I guess I’m confused about the fact I’m trying to “sale” the community, (get people to join) but there is no advertisement & I’m not making any money. It’s just a forum, like this one for writers, authors and such.


In that instance, I would not think you need any additional rights.


Thank you, Mike.

I was thinking the same thing but wasn’t 100% since the Tos stated broadcast was for, among other things, internet advertising (or something to that effect).



I take that as legitimate advertising with a sales pitch and an order now button. Your project sounds much more informational…


@gina_riley2 for this purpose, I would think you do not need any additional rights, just like @newsmike said. If you’re not going to make money on it, the commercial rights do not apply in my opinion.

Commercial rights license is for use by a business or to make money on the recording, without using it in paid channels (paid facebook ads, TV, radio etc).


Well, those are interesting points.

But I can tell you I’m one of those buyers that refuses to pay for a commercial license, I will simply hire someone else.

Also, it isn’t really illegal because Fiverr TOS makes it clear that the work you deliver belongs solely to the buyer, and he can do whatever he wants with it.

Besides, are you really going to hire a lawyer and sue somebody? What if they deny it? What if they use a filter to change your voice so you can’t recognize it?


Well, actually, according to the TOS, that’s the default. Fiverr makes it clear that all rights to the work created go to the buyer upon delivery, UNLESS the seller notes otherwise in their gig description. The buyer can do whatever he wants with the delivered work, unless the seller creates custom terms that state otherwise.


That’s not really the point, It’s more that most people actually do the right thing and have no trouble paying what something is actually worth. Just because some are cheap or dishonest doesn’t mean that we stop offering the product at its proper price.


Interesting points you make.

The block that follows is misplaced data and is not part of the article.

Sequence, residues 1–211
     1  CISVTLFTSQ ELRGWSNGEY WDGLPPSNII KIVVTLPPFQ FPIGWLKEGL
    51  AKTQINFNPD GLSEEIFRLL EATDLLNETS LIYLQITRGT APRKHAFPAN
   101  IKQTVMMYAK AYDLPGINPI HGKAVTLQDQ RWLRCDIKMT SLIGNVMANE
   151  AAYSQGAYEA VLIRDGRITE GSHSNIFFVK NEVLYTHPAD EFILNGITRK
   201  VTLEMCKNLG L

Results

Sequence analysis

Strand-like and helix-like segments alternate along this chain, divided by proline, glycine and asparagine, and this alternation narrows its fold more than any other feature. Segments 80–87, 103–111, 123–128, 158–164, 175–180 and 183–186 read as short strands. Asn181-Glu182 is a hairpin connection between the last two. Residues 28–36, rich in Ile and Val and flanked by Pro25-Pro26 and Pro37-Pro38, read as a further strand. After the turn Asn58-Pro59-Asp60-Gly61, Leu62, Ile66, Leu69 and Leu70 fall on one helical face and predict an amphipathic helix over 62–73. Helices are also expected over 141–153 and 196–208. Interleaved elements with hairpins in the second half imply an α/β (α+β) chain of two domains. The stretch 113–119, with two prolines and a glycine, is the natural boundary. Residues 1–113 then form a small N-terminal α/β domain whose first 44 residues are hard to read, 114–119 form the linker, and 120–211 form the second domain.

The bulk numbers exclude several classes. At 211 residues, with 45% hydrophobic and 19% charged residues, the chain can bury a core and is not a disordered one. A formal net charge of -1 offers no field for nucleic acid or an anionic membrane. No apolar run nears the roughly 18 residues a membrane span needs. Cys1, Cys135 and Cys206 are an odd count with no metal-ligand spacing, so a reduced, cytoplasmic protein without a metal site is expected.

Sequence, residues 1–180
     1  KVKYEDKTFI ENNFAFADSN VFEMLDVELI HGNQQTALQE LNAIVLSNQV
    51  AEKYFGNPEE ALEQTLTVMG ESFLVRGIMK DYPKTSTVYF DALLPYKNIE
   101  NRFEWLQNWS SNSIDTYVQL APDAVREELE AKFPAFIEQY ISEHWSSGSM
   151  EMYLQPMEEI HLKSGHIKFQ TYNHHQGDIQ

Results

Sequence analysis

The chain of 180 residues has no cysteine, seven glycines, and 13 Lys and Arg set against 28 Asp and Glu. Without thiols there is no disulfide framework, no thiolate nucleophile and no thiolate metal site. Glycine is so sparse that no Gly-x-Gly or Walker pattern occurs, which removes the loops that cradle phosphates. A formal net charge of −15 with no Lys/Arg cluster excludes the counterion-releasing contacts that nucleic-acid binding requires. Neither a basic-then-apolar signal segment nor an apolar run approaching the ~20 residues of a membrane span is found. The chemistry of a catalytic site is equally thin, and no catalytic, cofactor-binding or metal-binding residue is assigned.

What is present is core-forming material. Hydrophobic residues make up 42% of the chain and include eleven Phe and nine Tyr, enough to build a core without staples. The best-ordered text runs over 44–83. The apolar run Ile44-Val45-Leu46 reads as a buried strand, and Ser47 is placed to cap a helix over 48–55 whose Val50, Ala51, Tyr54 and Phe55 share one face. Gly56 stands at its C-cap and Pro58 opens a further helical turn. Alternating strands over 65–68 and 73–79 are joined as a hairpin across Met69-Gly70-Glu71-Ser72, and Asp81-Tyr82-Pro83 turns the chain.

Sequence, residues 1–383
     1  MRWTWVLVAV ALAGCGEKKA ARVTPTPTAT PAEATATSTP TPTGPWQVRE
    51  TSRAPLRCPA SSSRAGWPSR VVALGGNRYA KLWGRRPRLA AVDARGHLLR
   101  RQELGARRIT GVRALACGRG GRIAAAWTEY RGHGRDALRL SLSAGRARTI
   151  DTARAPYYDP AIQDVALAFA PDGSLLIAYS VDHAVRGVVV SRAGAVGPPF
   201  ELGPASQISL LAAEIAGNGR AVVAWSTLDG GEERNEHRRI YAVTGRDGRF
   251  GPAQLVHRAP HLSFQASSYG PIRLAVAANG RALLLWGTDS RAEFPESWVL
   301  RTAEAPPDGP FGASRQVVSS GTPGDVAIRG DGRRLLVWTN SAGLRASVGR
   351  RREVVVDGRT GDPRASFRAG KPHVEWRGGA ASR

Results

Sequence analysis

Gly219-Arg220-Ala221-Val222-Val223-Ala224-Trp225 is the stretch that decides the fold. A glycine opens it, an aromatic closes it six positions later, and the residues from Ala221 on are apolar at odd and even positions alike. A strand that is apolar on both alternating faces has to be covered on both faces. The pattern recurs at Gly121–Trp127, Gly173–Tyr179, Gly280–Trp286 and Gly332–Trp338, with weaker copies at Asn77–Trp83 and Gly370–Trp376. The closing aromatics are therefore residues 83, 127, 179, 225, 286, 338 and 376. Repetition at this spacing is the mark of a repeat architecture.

Well, if that’s your policy when making orders, I would simply not provide my services to you. I’m one of those sellers who want to get compensated for my time according to which service I offer.

This is because I value my time and effort, and if a business is ordering my services, they can afford the extra five bucks. If they don’t want to spend that extra, they are welcome to choose another seller.

About the legal rights, this is what Fiverr TOS says about commercial rights:

Buyers are granted all rights for the delivered work unless otherwise specified by the seller on their Gig page. Note: some Gigs charge additional payments (through Gig Extras) for Commercial Use License. See our “Ownership” and “Commercial Use License.”

Some Gigs (including for custom created work) charge additional payments (through Gig Extras) for a Commercial Use License. This means that if you purchase the Gig for personal use, you will own all rights you require for such use, and will not need the Commercial Use License. If you intend to use it for any charge or other consideration, or for any purpose that is directly or indirectly in connection with any business, or other undertaking intended for profit, you will need to buy the Commercial Use License through a Gig Extra and will have broader rights that cover your business use.

Simply put, as a private individual they will own the recording, but as a business, who will use the recording for commercial purposes, this is covered under Fiverr TOS.

That’s that.

If it’s a big client, I just might do that! If I had nothing to gain from that, I would still consider legal actions because the individual/business pissed me off. But as @newsmike so nicely put it; That’s not really the point.

If someone want to misuse my services and not do the right thing, I’m sure they can.

If I catch them, I’ll do everything in my power to make sure they get a slap on the wrist for breaking the agreement and being dishonest.

Thankfully, this isn’t a problem I ever had to face, because, fortunately, most buyers will want to do the right thing, and by doing so, they have their asses covered, and I get proper compensation for my time.


Exactly, like when you buy a music CD. You own that copy for private listening purposes, you do not own the copyright to the music contained within. You cannot use it in a commercial, or duplicate it and resell it. Same basic idea.